A massive recent study appears to support that notion – a whopping 600,000 COVID-19 cases in 13 states, arising from April through mid-July, were scrutinized for it. The study found that those who were unvaccinated were 4.5 times more likely than the fully vaccinated to get infected, over 10 times more likely to be hospitalized, and 11 times more likely to die, according to the Centers for Disease Control and Prevention.

Yet it’s important to note that healthcare worker abuse isn’t a new issue – it’s just a worsening one. Before the pandemic began, hospital employees in the U.S. were reported to be nearly six times as likely as the average worker to be the victim of an intentional injury, according to the Bureau of Labor Statistics. Hospitals recorded more than 221,000 work-related injuries in all in 2019, according to the U.S. Occupational Safety and Health Administration (OSHA), with a workplace injury rate almost double the average for all private employers.

In April 2020, the month after the pandemic began in earnest, Reuters reported that the World Health Organization (WHO) identified a priority for “authorities (to) protect nurses and other health workers from harassment and attacks, compounding the already heavy toll they are paying in the pandemic.” The world’s 28 million nurses, accounting for nearly 6 in 10 of all health workers, were overstretched before the crisis began, according to the WHO, which contributed to creating the first-ever “State of the World’s Nursing Report”.

David M. Glaser, a shareholder in Fredrikson & Byron’s Health Law Group, recently tackled the issue in an article published on RACmonitor.

“I’ve had more conversations in the last few months about this problem than in the prior 29 years of my career about patients who are belligerent, yelling, screaming and threatening staff,” Glaser wrote. “Medical professionals are already overworked – now they are scared.”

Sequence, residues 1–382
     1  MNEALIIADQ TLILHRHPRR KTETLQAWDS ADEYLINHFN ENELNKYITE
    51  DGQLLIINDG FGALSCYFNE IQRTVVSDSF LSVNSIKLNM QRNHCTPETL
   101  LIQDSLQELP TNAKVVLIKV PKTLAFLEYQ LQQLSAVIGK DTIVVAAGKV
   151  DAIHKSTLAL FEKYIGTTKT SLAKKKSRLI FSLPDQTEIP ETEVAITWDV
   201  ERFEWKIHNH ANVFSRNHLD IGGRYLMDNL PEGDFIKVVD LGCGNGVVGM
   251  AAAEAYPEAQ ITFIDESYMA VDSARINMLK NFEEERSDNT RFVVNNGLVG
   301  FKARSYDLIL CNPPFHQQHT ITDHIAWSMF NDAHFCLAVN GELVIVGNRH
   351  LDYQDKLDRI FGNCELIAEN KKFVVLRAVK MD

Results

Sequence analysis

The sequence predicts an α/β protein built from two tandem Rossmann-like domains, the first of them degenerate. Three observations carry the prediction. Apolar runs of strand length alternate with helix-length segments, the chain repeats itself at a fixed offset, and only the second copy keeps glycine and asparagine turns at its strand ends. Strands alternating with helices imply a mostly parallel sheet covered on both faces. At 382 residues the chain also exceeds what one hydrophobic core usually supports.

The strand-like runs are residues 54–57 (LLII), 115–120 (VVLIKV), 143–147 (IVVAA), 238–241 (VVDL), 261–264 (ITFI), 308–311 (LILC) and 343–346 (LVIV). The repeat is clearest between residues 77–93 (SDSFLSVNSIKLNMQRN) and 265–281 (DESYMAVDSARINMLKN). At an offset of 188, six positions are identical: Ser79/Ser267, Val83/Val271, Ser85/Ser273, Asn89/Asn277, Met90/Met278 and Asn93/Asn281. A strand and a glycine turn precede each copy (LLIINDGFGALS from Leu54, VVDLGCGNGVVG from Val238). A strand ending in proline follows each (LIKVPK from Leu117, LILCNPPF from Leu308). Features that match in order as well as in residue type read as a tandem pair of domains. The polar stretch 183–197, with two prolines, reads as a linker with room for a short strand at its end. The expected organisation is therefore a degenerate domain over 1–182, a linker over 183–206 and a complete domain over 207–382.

Glaser’s advice for providers concerned about the issue is to focus on legal responsibilities.

“You certainly have a duty to your staff to make sure they’re safe; that responsibility extends to everyone in the building. And of course, you have a duty to your patients, including the obnoxious ones,” Glaser wrote. “In particular, you need to be sure that their poor behavior is not a result of a health issue. And that’s why my first tip with any inappropriately behaving patients is to confirm that the issue isn’t medical. If you have a policy discussing aggressive patients, the first bullet point should be ‘evaluate the patient.’” 

If the patient is having a mental health crisis, or is delusional or is hypoglycemic, addressing the medical condition may mitigate the bad behavior, Glaser noted.

“But the unfortunate reality right now is that many of these aggressively behaving patients are simply angry,” he added. “Can you terminate the relationship of a patient for behaving badly? Can you discharge them from the hospital? The answer will depend largely on the setting, and the patient’s overall condition.”

In an emergency room, federal statute mandating care provision makes it “nearly impossible” to send a patient away for being difficult or violent, Glaser noted. But the calculus changes in a clinical setting.

“If the patient’s behavior is bad enough, it may be worth taking the risk that the patient will complain to a medical board or bring a malpractice action,” he said.